By G. Wayne Moore, BSc, MBA, FASE

In the past 45 days, three separate lawsuits have been filed in federal courts by Philips North America, LLC, against three different companies involved in the aftermarket medical imaging device service and sales space. Although each suit contains multiple claims, one claim in each cites the alleged violation of certain provisions of the Digital Millennium Copyright Act (DMCA).

As a service provider, I have keen interest in all DMCA-related cases because, on the heels of the DMCA, Congress also passed the Computer Maintenance Competition Assurance Act (CMCAA), which allows protection of certain independent service organizations’ (ISOs’) maintenance activities under a specific and narrowly defined set of circumstances. I believe the line between violation of DMCA and compliance with CMCAA has a similar metaphorical feel as the FDA’s current line between servicing and remanufacturing—specifically, there is room for interpretation.

Just a bit of background on the DMCA. In 1998, Congress passed the DMCA to provide adequate legal protection and remedies against the circumvention of technological measures employed by copyright owners to protect unauthorized use of their works and their rights in such works. The DMCA implements the World Intellectual Property Organization Copyright Treaty. 

Here’s how a corporate attorney explained it to me: Specifically, the DMCA prohibits three types of activity: (1) circumvention of technological measures; (2) trafficking in technology that circumvents technological measures that effectively control access to a work protected by copyright law; and (3) trafficking in technology that circumvents technological measures that protect a right of a copyright owner. 17 U.S.C. §§ 1201(a)(1), 1201(a)(2) and 1201(b)(1).

The difference between the two anti-trafficking prohibitions is that the first covers trafficking of a product that circumvents a measure to prevent access to a work and the second covers trafficking of a product that circumvents a measure to prevent copying (or another right granted by copyright law) of a work.  Circumvention is defined to include reverse engineering, descrambling, decrypting, and other such actions taken without the authorization of the copyright owner. 

A technological measure effectively controls access if the measure generally requires the application of information or a process or a treatment with the authority of the copyright owner to gain access. Note that ‘effectively does not mean that the protection must be strong or difficult to bypass.”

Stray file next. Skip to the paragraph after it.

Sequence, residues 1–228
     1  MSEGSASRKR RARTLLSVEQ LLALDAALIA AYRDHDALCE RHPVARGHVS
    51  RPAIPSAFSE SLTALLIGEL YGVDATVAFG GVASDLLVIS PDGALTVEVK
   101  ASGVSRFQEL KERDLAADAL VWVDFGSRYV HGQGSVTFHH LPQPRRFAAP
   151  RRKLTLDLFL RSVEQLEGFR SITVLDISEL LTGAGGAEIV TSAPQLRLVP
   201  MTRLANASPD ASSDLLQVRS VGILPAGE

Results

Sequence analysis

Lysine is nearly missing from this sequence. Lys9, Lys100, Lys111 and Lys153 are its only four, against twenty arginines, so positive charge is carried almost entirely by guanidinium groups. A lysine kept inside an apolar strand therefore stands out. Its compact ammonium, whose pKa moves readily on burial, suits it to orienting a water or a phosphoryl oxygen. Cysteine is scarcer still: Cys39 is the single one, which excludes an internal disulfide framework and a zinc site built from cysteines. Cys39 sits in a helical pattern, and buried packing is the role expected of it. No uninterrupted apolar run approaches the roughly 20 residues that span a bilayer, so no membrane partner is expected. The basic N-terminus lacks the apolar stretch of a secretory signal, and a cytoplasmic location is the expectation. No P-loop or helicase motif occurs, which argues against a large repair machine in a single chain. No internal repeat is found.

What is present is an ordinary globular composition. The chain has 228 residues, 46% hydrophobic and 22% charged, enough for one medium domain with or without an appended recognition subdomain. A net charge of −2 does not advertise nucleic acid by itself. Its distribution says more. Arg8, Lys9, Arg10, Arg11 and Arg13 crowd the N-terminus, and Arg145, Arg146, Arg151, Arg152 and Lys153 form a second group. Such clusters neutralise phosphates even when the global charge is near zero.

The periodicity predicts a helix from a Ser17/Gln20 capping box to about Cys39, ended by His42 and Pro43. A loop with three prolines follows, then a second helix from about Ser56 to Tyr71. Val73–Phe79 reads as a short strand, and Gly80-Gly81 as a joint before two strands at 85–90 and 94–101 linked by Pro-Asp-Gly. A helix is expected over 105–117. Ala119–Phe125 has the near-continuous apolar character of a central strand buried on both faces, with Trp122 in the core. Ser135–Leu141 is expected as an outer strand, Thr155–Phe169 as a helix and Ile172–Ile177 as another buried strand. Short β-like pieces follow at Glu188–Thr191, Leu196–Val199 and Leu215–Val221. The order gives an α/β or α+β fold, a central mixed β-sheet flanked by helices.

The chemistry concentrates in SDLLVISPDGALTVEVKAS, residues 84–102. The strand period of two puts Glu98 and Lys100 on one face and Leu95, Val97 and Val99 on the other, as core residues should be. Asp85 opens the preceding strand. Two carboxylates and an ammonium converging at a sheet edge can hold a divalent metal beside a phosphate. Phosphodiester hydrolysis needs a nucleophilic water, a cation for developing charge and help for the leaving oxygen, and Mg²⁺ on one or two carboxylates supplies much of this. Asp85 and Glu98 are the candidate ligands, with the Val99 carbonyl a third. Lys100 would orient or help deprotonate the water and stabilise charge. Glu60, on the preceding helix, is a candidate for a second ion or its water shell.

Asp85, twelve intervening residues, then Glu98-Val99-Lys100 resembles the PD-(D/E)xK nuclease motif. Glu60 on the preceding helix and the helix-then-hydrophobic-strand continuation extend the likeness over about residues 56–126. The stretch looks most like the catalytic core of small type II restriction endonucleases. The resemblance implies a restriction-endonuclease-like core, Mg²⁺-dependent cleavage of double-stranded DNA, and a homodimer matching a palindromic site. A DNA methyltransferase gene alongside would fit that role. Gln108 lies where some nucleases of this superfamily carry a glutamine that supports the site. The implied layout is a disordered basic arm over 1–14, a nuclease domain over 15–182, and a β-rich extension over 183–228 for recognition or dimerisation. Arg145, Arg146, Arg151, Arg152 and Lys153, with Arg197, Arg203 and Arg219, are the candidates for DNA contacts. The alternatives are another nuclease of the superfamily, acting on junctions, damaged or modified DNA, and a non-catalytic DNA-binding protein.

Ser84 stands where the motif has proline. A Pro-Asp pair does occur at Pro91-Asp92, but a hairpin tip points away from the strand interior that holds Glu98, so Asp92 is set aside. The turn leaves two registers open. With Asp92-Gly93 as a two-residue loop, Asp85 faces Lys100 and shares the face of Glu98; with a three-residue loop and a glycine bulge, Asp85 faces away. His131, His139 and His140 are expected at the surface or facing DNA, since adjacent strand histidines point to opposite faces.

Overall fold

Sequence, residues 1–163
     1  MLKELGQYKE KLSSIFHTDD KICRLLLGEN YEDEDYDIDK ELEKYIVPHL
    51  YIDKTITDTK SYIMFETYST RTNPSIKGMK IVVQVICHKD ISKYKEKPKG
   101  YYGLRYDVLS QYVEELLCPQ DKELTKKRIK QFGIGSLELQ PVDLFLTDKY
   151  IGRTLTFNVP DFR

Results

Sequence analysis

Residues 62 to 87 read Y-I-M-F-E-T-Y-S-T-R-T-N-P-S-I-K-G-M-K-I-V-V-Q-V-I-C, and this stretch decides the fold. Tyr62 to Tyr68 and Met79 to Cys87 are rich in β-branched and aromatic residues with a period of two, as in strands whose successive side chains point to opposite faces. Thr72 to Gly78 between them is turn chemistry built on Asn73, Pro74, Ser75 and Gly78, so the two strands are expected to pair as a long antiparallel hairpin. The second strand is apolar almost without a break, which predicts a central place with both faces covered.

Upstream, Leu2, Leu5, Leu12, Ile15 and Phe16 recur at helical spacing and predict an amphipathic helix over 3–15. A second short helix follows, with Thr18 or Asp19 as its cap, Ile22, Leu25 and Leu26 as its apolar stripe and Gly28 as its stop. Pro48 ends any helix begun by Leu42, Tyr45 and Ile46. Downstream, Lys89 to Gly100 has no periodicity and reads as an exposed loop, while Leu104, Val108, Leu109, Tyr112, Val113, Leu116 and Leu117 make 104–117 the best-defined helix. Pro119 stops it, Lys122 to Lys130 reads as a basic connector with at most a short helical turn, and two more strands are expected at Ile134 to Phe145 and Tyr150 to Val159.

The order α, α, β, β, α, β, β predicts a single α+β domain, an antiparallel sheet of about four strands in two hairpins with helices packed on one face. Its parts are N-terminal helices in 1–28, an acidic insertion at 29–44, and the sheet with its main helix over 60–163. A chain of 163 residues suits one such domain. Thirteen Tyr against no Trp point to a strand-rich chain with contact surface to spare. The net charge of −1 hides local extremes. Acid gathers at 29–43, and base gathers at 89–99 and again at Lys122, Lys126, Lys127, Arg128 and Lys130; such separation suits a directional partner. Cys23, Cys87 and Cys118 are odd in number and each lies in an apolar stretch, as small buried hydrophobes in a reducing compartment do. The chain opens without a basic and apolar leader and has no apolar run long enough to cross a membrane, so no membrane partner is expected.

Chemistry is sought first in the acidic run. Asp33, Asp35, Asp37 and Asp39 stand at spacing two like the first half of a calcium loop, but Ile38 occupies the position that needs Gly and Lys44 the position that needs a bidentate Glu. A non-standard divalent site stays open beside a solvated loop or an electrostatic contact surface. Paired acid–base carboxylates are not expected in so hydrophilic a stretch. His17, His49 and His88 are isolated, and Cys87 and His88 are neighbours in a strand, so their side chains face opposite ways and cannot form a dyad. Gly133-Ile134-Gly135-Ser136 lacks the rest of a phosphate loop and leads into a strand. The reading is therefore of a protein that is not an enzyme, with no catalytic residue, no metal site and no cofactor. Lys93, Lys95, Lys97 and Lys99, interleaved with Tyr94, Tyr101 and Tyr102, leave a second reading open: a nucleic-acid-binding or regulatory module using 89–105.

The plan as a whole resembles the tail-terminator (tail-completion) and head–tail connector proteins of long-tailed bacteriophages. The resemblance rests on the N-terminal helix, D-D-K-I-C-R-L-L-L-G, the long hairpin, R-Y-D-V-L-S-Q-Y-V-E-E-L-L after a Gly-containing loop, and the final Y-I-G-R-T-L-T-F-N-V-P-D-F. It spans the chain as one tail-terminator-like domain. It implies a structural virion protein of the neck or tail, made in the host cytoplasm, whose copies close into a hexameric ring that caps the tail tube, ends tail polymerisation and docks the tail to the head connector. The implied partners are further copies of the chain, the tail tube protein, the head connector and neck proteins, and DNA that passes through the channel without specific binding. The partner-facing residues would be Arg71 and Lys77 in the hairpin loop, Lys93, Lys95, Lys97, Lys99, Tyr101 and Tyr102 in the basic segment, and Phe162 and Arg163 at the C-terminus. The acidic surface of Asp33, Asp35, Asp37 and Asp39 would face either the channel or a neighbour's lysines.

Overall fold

Cutting Through the Jargon

Recognizing the ambiguity of the language in the DMCA Congress passed the CMCAA, Title III of the DMCA, as codified in Section 117(c), to address the concern that case law and statutory interpretation could destroy the ISO computer maintenance industry. For example, Section 117(c) exempts an ISO from copyright infringement when it copies a computer program while satisfying the following four requirements: 

  • The copy is made “solely by virtue of the activation of a machine” that contains an authorized copy of the program.
  • The copy is made “for the purposes only of maintenance or repair of the machine. 
  • The new copy is “not used in any other manner” and is destroyed immediately after the maintenance or repair is completed.
  • With respect to any computer program or part of the program that is not “necessary for [the] machine to be activated,” the program “is not accessed or used other than to make a new copy by virtue of the activation of the machine.

So, keeping in mind that I am not an attorney and the following is just my opinion, my reading of the DMCA indicates that provided an ISO or an HTM satisfies the four requirements set forth above and is acting as an agent of the customer, a potential claim under the DMCA for circumvention of software to obtain keys for a password-protection system could potentially be precluded.

 I do note that this layman’s opinion applies only to programs needed to boot up the medical imaging system to make the determination that it is functioning in accordance with original OEM specifications. In that light, accessing other software programs may not be exempt from copyright infringement under the DMCA. 

I don’t envy anyone either being sued or doing the suing, but these legal actions could prove to be insightful given the amount of attention in the medical device space over the last three or more years of the FDA Service Docket and the potential these cases may have on future FDA involvement with both third-party ISOs as well as other non-OEM service providers.

If you wish to follow the progress of these lawsuits, the case numbers are Case 9:19-cv-81263-RS, Case 2:19-cv-01745-MLP, and Case 8:19-cv-01765-JVS-JDE. Perhaps clarity on this complex legal issue will at last be provided to all parties concerned.

G. Wayne Moore is CEO of Acertara Acoustic Laboratories. Questions and comments can be directed to 24×7 Magazine chief editor Keri Forsythe-Stephens at [email protected].


  • 626 Holdings (Case 9:19-cv-81263-RS), Summit Imaging (Case 2:19-cv-01745-MLP), and KPI Healthcare (Case 8:19-cv-01765-JVS-JDE)
  • The Digital Millennium Copyright Act of 1998, US Copyright Office, Oct. 28, 1998, Pub. L. No. 105-304, 112 Stat. 2860
  • Computer Maintenance Competition Assurance Act (CMCAA), Pub. L. 105-304, 112 Stat. 2860, 2886-2887 (1998)